What Exit Polling Tells Us About Voters in the Recall

The only exit poll from California’s recall election showed Gavin Newsom winning with an unusual coalition.


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What the exit polling tells us about the California electorate, and why it might be wrong.

A poll worker processed ballots at the Tally Operation Center in Downey, Calif., on Tuesday.Credit…Allison Zaucha for The New York Times

Sept. 15, 2021Updated 5:47 p.m. ET

The only exit poll from California’s recall election showed Mr. Newsom winning with an unusual coalition. In a departure from nearly every recent election, longstanding racial and ethnic divides between white voters and voters of color seemed to vanish.

According to the exits, 63 percent of people of color and 60 percent of Latino voters chose “No” on the question of whether to remove the governor, compared to 59 percent of white voters. Typically, Democrats fare somewhat worse among white voters in California, but much better among other voters. The 63 percent and 60 percent showings of people of color and Latinos would be the weakest for a California Democrat in memory.

If true, the exit poll result would mark a seminal moment in California’s political evolution. It would suggest that growing Democratic strength among college graduates — and weakness among those without degrees — has begun to significantly reduce the gap between white voters and others, and nearly eliminate it altogether in the state.

But the actual results of the recall election tell a different story. They don’t show much of anything unusual at all. The results suggest that Mr. Newsom won with a fairly typical coalition for a California Democrat in recent years, one not too dissimilar from the one that elected him in 2018 and elected President Biden in 2020.

The governor may have fared somewhat worse among nonwhite voters than Democrats did a decade ago, but in the end, California voted for the Democrat — and it seems to have done so in about the same way it has in recent cycles, including among Asian and Latino voters.

Millions of votes remain to be counted, and a clearer picture may emerge in the coming days as more votes are tallied. But so far, the county-by-county results are nearly identical to those from 2018 or 2020. There’s only one county — Riverside County — that flipped from 2018 so far, and it flipped to Mr. Newsom.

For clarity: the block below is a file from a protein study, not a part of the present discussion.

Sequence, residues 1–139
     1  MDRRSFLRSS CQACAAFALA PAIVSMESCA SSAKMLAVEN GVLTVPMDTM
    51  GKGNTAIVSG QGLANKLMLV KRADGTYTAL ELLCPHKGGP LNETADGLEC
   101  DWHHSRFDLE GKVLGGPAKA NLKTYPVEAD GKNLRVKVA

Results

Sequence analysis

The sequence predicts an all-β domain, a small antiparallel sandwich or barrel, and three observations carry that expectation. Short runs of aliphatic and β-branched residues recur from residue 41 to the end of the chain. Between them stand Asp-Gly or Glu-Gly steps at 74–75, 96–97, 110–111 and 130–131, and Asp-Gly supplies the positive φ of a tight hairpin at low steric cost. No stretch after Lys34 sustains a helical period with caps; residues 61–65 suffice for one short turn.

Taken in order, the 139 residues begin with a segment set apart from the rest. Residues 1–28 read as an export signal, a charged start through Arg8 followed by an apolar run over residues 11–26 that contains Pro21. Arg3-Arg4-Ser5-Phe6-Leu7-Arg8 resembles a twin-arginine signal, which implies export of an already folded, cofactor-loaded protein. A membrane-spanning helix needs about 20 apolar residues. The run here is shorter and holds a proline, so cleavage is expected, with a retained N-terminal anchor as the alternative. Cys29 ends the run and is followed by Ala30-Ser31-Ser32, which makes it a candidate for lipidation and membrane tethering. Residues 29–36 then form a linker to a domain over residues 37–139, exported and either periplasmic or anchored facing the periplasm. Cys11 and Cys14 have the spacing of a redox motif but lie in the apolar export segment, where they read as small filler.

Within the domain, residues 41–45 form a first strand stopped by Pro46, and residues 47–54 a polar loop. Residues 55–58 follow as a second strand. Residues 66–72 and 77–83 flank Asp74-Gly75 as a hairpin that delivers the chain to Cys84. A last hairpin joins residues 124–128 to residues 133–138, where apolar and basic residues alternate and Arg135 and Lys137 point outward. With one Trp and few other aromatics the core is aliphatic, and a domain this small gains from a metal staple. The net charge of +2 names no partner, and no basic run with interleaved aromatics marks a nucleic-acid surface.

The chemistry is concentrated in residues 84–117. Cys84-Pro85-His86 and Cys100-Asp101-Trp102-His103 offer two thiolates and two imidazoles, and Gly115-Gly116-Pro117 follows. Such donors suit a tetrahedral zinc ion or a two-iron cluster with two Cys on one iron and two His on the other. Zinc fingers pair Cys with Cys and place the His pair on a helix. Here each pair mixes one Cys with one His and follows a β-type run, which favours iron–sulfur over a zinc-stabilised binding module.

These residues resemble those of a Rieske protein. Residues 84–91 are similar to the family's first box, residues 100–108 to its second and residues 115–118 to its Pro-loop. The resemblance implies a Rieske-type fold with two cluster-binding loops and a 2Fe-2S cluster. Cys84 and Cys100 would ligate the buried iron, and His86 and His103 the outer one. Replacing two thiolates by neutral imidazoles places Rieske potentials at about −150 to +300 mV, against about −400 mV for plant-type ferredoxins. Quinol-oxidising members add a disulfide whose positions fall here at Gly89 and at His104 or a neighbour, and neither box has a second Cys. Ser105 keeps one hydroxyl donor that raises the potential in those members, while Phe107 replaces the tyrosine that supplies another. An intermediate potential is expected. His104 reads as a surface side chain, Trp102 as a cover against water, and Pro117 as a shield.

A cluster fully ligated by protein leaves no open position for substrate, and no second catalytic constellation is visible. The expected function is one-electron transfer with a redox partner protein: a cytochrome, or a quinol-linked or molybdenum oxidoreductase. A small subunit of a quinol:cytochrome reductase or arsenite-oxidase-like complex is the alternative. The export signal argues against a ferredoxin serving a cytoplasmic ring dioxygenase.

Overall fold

On average in the recall election, the “No” vote in a typical county was only about 2 percentage points different than Mr. Newsom’s vote share in 2018. It’s hard to reconcile the stability of the results so far with the huge shift in Mr. Newsom’s coalition indicated by the exit poll. The results don’t show evidence of a stark drop-off in Democratic support among Latino voters, either.

Mr. Newsom performed about as well as he did four years ago in relatively diverse Southern California, including in heavily Latino stretches of the rural Central Valley and the Imperial Valley, where Democrats only compete on the strength of Latino voters.

Still, Mr. Newsom’s support there was already relatively weak for a Democrat: He often fared about as poorly as Mr. Biden, and worse than Gov. Jerry Brown did in 2014. The 2018 exit poll showed Mr. Newsom winning 64 percent of Latino voters, down from the 73 percent share won by Mr. Brown in 2014.

The exit poll on Tuesday was conducted by Edison Research and sponsored by major television news networks. Unlike traditional in-person exit polls, most California exit poll interviews are typically conducted by telephone to reach early and mail-in voters. This year, the recall exit poll added an online and text message component.

It is possible the additional online and text interviews may have contributed to some of the unusual shifts that were apparent in the poll.

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